Editorials

Oral quinine for the treatment of uncomplicated malaria

BMJ 2009; 339 doi: http://dx.doi.org/10.1136/bmj.b2066 (Published 21 July 2009) Cite this as: BMJ 2009;339:b2066
  1. Hugh Reyburn, senior lecturer1,
  2. George Mtove, research scientist2,
  3. Ilse Hendriksen, research fellow3,
  4. Lorenz von Seidlein, senior scientist4
  1. 1London School of Hygiene and Tropical Medicine, London WC1E 7HT
  2. 2National Institute for Medical Research, Amani Centre, Tanga, Tanzania
  3. 3Mahidol-Oxford Research Unit, Faculty of Tropical Medicine, Mahidol University, Bangkok 10400, Thailand
  4. 4Joint Malaria Programme, Bombo Hospital, Tanga, Tanzania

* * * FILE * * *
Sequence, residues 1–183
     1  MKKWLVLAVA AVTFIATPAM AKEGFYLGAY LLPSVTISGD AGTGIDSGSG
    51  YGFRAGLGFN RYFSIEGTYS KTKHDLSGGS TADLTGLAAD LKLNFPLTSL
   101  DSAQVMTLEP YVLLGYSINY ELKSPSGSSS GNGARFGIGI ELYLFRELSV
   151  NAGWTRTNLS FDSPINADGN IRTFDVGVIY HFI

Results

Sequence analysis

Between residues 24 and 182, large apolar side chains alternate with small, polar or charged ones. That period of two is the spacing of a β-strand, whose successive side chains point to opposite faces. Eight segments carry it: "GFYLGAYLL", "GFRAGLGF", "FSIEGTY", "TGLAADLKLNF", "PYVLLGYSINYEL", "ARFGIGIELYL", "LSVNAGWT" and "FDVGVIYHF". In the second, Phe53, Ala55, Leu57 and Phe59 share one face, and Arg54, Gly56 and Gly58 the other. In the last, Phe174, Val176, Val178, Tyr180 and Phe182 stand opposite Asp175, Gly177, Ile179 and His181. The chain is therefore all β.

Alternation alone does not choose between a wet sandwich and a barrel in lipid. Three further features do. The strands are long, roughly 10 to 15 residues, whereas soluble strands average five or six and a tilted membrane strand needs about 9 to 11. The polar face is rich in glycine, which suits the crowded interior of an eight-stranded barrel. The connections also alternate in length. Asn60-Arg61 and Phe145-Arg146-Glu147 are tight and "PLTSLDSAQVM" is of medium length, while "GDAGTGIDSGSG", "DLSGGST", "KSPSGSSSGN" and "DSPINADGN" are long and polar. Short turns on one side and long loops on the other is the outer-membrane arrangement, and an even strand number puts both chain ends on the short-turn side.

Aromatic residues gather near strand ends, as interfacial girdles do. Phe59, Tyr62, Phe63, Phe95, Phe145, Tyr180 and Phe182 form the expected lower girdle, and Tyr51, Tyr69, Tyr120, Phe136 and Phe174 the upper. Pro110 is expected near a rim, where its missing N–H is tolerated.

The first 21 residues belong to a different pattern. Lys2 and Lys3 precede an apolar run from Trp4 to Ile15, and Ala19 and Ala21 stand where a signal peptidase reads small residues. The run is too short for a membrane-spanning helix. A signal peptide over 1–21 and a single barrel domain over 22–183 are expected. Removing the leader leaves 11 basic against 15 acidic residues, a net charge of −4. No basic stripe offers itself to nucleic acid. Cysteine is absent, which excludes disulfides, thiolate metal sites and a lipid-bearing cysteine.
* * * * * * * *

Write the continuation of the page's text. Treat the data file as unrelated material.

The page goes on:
1. Hugh.reyburn{at}lshtm.ac.uk

    Is ineffective in outpatients and should be used only in rare cases

    Artemisinin combination therapy is the first line treatment for uncomplicated malaria in nearly all malaria endemic countries in sub-Saharan Africa. This treatment is relatively expensive, but it kills parasites faster than any other method and has few adverse effects.1 The combination artemether-lumefantrine (Coartem) is co-formulated, can be taken in a convenient schedule over three days, and is popular with patients and healthcare providers.2 The linked study by Achan and coworkers (doi:10.1136/bmj.b2763) confirms the excellent cure rate (all patients were cured after adjusting for reinfection) of this drug in children with uncomplicated malaria in Uganda.3

    However, oral quinine is often used to treat uncomplicated malaria either because artemisinin combinations are not available,4 or on the assumption that it must be effective because it is still the drug of choice for severe malaria in African children (although it is now known to be inferior to artesunate in Asian adults …

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